From Serving to Homelessness: Resources for Homeless Veterans

Daniel Charles, a veteran navigator at Mission United, explains what exactly they do at Mission United in regards to helping veterans get back on their feet and return to civilian life.

Camryn Jackson

Daniel+Charles%2C+a+veteran+navigator+at+Mission+United%2C+explains+what+exactly+they+do+at+Mission+United+in+regards+to+helping+veterans+get+back+on+their+feet+and+return+to+civilian+life.

Camryn Jackson

Daniel Charles, a veteran navigator at Mission United, explains what exactly they do at Mission United in regards to helping veterans get back on their feet and return to civilian life.

Eighteen-year-old Freddie Pearson decided to join the military in 1975 to get away from life in Macon. The United States Army offered him an experience of a lifetime serving his country and being exposed to a variety of different cultures. 

“[My parents] influenced me to either continue my education after high school or go to the service, not just sit around here on the streets and do nothing,” Pearson said. “I wanted to go, I had a lot of friends who went, we’d all planned it in high school, ‘we’re gonna get away…’ so it was great.”

 Pearson spent 44 months in Germany and through his experiences, visited places such as France, Berlin, Switzerland, and Belgium. Pearson said he has rich memories from his time abroad while serving in the military.

 “Back then there was a German family, and they would sort of adopt you and you would adopt them. You go spend time with them, learn their ways and they learn your ways,” Pearson said. “There wasn’t no racial divide over there like it was here.”

 Before going to the military, Pearson remembers the racial injustice in the American South that played a big part of his upbringing.

“Well you know, it was ’75 when I went in, so a lot of racial stuff still was going on here. But in Germany, it was like different,” Pearson said. “Everybody is a human being there. They didn’t look at me as I was black or you know… it was alright.”

 He recalls being a child and not being allowed to go to certain places and eat because of racial division. Pearson saw the military as time away from reality. Time away from the struggles of the South.

After serving, Pearson came back to Macon and stayed with his mother until her passing. The whole time while home, Pearson consistently tried to make his way back into a civilian lifestyle.

 “It was kind of hard, I thought about the military. I thought about going back, but I never did,” said Pearson. “The military gave me a place to stay, and now I had to come back and work for it. That was hard.”

 Pearson had difficulty with finding work once he was back home, it was this issue that eventually led to him also being homeless.

“It was like, if you’re a veteran and you apply for a job and you don’t have the skills for it, you don’t get the job. I go to school and get the skills for it. I still don’t get the job,” Pearson said. Pearson’s struggle with finding employment and getting back on his feet is what led him to seek out programs to help aid him in his transition back to a normal lifestyle.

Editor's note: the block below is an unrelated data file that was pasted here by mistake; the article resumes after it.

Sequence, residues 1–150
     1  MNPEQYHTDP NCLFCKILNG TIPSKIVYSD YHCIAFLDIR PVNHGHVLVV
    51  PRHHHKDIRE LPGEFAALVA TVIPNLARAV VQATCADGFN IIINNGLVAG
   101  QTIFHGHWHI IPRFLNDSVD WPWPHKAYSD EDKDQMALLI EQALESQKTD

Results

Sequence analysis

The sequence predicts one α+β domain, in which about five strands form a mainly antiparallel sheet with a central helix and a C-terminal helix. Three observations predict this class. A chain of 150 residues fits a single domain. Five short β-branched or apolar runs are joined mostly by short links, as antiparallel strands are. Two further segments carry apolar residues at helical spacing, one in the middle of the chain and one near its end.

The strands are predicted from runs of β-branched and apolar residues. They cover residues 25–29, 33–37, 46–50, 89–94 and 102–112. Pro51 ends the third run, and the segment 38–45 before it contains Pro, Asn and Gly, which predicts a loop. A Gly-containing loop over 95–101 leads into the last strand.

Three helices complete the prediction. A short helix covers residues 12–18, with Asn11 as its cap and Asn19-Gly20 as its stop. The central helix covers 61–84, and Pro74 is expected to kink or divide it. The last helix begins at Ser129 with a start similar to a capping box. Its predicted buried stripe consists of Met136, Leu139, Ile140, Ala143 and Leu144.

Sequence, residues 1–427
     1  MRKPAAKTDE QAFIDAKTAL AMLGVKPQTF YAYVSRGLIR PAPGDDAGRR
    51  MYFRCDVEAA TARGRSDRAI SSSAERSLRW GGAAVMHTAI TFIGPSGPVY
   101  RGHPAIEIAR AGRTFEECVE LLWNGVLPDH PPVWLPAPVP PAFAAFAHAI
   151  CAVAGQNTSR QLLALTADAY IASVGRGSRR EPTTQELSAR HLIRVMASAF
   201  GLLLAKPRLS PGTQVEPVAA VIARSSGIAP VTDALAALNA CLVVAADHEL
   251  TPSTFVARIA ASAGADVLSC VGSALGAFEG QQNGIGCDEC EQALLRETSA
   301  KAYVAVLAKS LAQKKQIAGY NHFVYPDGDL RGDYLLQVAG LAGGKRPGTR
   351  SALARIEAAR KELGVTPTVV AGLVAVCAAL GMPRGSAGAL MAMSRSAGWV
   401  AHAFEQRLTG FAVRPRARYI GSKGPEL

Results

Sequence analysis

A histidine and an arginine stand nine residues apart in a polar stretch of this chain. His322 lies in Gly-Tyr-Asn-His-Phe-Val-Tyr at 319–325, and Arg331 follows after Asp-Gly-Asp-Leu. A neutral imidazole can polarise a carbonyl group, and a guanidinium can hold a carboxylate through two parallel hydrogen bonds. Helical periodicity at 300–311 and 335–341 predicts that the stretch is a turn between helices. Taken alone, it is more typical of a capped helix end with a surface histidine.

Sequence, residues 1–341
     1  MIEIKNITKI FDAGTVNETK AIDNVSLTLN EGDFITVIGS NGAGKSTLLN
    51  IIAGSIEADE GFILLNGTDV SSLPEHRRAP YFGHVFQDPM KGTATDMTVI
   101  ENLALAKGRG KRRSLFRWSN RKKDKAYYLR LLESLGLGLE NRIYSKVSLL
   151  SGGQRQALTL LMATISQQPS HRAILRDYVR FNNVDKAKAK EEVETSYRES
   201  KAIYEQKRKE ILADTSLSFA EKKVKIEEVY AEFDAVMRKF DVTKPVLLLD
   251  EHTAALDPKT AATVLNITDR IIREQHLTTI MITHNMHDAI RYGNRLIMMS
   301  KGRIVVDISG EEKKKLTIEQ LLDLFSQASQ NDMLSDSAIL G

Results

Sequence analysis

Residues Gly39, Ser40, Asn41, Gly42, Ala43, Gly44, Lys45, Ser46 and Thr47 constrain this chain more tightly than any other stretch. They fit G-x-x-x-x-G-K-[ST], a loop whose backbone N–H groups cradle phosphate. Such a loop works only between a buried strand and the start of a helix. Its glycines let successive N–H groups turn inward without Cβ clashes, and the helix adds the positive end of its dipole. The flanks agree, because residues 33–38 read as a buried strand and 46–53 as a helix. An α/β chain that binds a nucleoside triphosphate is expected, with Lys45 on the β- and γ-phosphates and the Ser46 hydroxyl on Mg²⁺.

Help for Veterans

It’s veterans like Freddie Pearson that need help making the transition back into civilian life.

“We have this thing called United Way Worldwide,” said Daniel Charles, a veteran navigator with Mission United. “We were starting to notice to get the feel or the need to assist veterans. That’s how we came up with Mission United.”

 Charles works at the Macon branch of Mission United where he works as a veteran navigator. At this exact location, their focus is veteran homelessness. He said Section 8 housing vouchers are very difficult to get. For many people, they are on the voucher waitlist for years.

“We have several programs that help veterans get off the streets. One particularly that I’m very proud about—we have a relationship with Bibb County Housing Authority where if a veteran is homeless or on the verge of being homeless, they can get a Section 8 voucher,” he said.

Mission United offers a variety of other programs to help veterans. 

“Another focus is getting our veterans jobs, getting them employment because the transition from the military life to civilian life is very hard,” Charles said. “So we partnered with a lot of people in the community to get our veterans back to work get them back in school, and get jobs…. what I found out is that there’s not a lack of resources for the veterans, but it’s hard to get access to those resources or the veteran don’t know who to call or how to get the resources.”

 Charles believes that while it may be difficult for veterans, like Freddie Pearson, to receive these resources, it’s not because they aren’t there—it’s because the access to them isn’t there. He takes pride in knowing that programs like Mission United are around to be a resource to these men and women.

 “Knowing that I can make a difference in a veteran’s life. Knowing I have the resources. I have the knowledge and all,” Charles said. “I’m waiting for the phone call to say, ‘hey, I need help.’ And so just knowing that I have a key that can put a smile on someone’s face and take someone off of the streets into a home…that gets me up every day.”

Mission United is located on 277 MLK Jr. Blvd. in Macon, Georgia.